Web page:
We're going old school on Thursdays, shining light on the forgotten corners of our cellar and studying a bit of history. Sometimes we'll find stars, sometimes duds, but it'll always be an adventure.
Did you know that Montinore used to make sparkling wine? For those first few vintages of production, we tried a few different experiments to find our niche. Deep within the cellar, we dug up this gem: a 1988 Blanc de Noir Sparkling Wine.
Blanc de Noir literally translates as "White of Black," i.e. a white wine made from grapes that are traditionally used to make red wine. With very gentle handling and minimal-to-nonexistent skin contact, the juice won't absorb any color from the skins, thereby allowing you to make white wine (over 99% of all grapes used for wine production have clear juice; extended skin contact gives wine its color). "Méthode Champenoise" means that this sparkling wine was produced by the same technique used in Champagne: a bit of sweet wine and yeast is added to the bottle before sealing, allowing the wine to re-ferment in the bottle. The carbon dioxide produced by fermentation is trapped and creates the characteristic bubbles when the bottle opens.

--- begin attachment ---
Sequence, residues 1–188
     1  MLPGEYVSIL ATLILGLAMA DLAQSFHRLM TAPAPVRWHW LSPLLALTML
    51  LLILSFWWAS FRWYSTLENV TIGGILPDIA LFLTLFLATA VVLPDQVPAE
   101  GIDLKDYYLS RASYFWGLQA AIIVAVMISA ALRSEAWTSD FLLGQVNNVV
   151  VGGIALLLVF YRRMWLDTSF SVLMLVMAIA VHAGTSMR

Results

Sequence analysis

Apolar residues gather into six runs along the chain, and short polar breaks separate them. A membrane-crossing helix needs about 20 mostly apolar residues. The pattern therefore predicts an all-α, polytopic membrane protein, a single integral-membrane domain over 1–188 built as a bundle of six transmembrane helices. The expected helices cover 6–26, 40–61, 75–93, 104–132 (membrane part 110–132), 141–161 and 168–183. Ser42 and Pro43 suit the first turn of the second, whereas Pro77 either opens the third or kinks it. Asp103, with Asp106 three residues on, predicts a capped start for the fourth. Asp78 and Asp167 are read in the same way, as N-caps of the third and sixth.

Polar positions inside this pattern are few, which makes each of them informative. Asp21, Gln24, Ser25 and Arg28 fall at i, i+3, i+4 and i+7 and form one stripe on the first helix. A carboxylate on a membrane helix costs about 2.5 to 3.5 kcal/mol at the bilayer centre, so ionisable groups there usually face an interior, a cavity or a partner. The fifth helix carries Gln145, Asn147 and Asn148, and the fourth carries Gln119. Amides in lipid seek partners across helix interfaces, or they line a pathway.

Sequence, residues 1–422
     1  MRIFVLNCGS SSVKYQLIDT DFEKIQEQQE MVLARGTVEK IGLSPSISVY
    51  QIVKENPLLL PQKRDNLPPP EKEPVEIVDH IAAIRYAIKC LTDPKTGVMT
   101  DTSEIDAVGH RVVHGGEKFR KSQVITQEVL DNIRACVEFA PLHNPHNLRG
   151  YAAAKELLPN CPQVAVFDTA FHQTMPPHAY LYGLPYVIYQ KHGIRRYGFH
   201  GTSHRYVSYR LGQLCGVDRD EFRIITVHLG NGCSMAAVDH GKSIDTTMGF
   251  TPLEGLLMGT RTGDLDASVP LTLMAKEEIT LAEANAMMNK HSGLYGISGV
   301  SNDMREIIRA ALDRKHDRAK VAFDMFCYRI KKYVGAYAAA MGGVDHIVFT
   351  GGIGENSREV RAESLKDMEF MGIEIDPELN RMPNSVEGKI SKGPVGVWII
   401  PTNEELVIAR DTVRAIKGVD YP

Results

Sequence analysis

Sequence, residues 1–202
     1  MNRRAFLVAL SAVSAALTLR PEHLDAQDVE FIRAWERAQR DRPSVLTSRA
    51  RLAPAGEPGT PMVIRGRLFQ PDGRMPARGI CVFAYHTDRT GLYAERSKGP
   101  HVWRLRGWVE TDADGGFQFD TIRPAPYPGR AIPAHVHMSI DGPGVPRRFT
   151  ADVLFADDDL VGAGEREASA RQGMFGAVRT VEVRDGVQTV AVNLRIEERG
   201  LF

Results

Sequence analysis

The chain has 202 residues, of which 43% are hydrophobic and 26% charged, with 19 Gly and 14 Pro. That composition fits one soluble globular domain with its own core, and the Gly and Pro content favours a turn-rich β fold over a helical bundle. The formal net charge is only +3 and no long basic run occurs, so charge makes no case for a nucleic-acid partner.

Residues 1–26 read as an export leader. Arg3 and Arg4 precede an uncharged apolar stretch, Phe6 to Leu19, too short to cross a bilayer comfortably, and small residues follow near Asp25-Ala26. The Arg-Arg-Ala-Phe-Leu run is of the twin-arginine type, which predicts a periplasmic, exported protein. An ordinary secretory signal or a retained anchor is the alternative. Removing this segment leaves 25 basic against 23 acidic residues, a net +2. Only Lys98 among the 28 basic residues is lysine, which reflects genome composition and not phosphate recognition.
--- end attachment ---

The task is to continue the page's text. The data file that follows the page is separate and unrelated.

How does sparkling wine hold up after 26 years? In this particular instance, as admirably as could be expected. The slightest effervescence remained, providing a light tingle on the tongue. The overriding aroma and flavor notes included honey, apple, and citrus. Past its prime, yes, but a nice gateway into history.
Even though it's been a very long time since we've made any sparkling wine, the "blanc de noir" spirit lives on in our 2011 White Pinot Noir, a wine made by the same method, albeit still rather than sparkling. Head out to the tasting room for a sample of this unique, limited-production wine, and grab a bottle before the vintage is gone.